The camera is switched on by turning the on/off switch into record mode or playback mode. This button is located at the top right hand corner of the camera with a small built-in safety button to prevent accidentally turning the camera on when picking it up. We found however, that it was still all too easy to press this little safety catch while at the same time switching on the camera when putting it away in its protective pouch, thus bringing out the lens barrel and pushing away the lens cap. The off button is located on top of this switch with the AE-lock button directly below it.

Power on time is quite good at 3.5 secs. There is only slight shutter lag that can be reduced to virtually nothing if you pre-focus the camera by half-pressing the shutter release. Shot to shot time in our tests was better than average at about 1.5 secs between shots. The camera's zooming speed from wide angle to full telephoto has been shortened to 1.7 secs while autofocus speeds have been increased by up to 55% as compared to the PowerShot G5 camera. Quite a fast little number this one.

The LCD on the Powershot G6 has grown to 2.0-inch with 118,000 pixels and it's still the handy tilt-and-swivel type we have come to love from previous Canon models. It can rotate a total of 270 degrees from facing straight down to facing directly at your subject. When not in use it can be folded in so that it is protected from the elements. A great advantage of rotating LCDs is that they give you the flexibility to shoot over people's heads or take ground level shots of all kinds of subjects. Try it and you'll never want to go back.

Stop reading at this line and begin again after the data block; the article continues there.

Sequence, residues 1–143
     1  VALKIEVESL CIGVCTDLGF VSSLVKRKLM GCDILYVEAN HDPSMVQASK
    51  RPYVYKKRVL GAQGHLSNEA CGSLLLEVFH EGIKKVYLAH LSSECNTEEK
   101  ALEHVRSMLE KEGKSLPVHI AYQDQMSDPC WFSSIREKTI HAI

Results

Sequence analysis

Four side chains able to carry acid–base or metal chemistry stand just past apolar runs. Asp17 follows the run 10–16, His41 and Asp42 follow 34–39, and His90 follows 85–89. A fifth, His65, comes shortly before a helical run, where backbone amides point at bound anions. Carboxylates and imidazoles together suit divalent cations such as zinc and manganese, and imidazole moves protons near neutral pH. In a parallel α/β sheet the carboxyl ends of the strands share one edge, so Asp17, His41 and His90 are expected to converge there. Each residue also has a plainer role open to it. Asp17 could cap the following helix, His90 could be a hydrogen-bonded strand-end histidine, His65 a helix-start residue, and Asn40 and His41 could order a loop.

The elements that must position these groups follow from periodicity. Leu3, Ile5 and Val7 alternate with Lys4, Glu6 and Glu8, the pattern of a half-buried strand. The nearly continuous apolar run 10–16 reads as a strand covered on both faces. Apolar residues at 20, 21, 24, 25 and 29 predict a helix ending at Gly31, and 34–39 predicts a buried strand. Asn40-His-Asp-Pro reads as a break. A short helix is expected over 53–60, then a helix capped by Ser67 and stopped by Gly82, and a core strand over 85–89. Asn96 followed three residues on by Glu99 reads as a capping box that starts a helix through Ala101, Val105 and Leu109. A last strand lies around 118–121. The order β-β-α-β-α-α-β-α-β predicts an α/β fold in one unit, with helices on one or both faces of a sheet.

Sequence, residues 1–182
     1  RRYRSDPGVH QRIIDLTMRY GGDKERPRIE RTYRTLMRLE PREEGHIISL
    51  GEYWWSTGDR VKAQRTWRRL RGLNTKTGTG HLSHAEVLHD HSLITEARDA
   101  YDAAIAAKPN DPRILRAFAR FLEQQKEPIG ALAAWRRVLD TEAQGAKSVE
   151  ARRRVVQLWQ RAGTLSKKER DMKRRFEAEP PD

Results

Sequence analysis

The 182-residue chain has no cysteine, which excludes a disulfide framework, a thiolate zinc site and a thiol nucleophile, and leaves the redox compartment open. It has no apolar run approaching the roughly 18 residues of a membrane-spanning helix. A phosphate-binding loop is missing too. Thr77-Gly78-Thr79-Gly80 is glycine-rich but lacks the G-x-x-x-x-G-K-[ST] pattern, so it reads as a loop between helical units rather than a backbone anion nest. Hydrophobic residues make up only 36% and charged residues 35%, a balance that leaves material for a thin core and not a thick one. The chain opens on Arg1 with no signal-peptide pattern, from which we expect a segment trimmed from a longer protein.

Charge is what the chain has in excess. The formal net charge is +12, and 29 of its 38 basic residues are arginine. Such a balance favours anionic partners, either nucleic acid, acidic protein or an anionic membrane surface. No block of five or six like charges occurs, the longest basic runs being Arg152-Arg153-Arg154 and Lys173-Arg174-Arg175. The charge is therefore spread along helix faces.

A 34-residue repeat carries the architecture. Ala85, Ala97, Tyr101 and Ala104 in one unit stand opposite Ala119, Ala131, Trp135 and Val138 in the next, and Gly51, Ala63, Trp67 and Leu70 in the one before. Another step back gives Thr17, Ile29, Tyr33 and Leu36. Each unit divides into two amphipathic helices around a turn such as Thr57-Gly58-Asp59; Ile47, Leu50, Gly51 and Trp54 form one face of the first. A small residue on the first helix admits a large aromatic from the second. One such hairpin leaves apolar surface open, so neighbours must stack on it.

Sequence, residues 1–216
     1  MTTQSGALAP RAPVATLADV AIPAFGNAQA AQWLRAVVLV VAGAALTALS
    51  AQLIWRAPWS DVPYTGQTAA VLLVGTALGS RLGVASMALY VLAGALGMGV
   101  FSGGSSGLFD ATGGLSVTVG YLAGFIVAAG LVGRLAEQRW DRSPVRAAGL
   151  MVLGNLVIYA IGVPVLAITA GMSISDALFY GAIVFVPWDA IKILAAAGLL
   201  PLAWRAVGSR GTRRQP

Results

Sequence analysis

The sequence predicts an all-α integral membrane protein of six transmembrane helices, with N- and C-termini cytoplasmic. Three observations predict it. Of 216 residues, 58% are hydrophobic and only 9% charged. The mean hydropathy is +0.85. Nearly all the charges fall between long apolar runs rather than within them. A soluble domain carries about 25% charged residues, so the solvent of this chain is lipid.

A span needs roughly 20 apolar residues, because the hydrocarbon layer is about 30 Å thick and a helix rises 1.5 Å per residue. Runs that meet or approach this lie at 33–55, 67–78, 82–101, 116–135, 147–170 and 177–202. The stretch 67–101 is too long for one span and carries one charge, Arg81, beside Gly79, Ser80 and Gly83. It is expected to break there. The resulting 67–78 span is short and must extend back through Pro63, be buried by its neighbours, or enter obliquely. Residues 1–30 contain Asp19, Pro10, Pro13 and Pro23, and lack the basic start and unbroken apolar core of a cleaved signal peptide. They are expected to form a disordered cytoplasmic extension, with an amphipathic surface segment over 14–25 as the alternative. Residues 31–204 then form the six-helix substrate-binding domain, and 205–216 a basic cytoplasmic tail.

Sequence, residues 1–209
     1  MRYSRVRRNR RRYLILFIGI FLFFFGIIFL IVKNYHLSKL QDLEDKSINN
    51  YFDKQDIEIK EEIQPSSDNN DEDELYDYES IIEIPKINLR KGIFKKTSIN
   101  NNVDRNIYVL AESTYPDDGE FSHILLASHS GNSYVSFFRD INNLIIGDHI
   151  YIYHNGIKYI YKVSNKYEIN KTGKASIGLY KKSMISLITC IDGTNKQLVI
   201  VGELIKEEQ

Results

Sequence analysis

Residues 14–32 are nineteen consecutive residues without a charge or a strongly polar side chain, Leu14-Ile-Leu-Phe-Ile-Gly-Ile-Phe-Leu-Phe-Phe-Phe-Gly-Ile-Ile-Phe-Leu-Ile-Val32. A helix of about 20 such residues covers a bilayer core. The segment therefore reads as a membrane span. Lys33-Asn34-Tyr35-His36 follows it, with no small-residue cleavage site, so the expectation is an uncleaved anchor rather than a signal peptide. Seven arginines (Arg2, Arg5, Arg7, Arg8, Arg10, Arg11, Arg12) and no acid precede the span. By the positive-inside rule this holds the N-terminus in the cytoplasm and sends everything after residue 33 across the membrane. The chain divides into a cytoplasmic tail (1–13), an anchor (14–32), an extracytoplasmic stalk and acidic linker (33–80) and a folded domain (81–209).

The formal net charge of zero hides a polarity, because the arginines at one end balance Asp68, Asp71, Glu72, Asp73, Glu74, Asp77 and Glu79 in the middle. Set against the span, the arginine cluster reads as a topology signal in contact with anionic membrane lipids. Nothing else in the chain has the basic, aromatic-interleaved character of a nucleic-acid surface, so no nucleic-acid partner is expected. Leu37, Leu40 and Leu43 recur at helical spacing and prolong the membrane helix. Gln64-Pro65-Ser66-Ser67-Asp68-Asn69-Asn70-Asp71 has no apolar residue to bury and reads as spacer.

The next item to note on the Canon G6 is the hot shoe for mounting an external flash. More and more manufacturers are including this on their various models and the Canon G6 supports several dedicated external flashes. According to the manual, when third party flashes are used - especially those with higher trigger voltages - some camera functions may not work or cause problems. Although Canon do not specify an exact maximum voltage, our experiences show that in general anything below 8 or 9 volts can be considered safe. Output of the internal flash can be adjusted over +/- 2EV for more controlled results and maximum flash sync speed is 1/250 sec.

It is clear that the Canon G6 is aimed at more advanced users as there are only three pre-programmed scene modes (portrait, night scene, landscape) and Panorama assist mode. Apart from this we have full Auto, Program AE, Shutter and Aperture priority and full Manual. There are two sets of custom settings for storing your favourite camera options - handy if you are on location and have to switch between pictures taken outside and indoor shots with fill-in flash, e.g. at a wedding.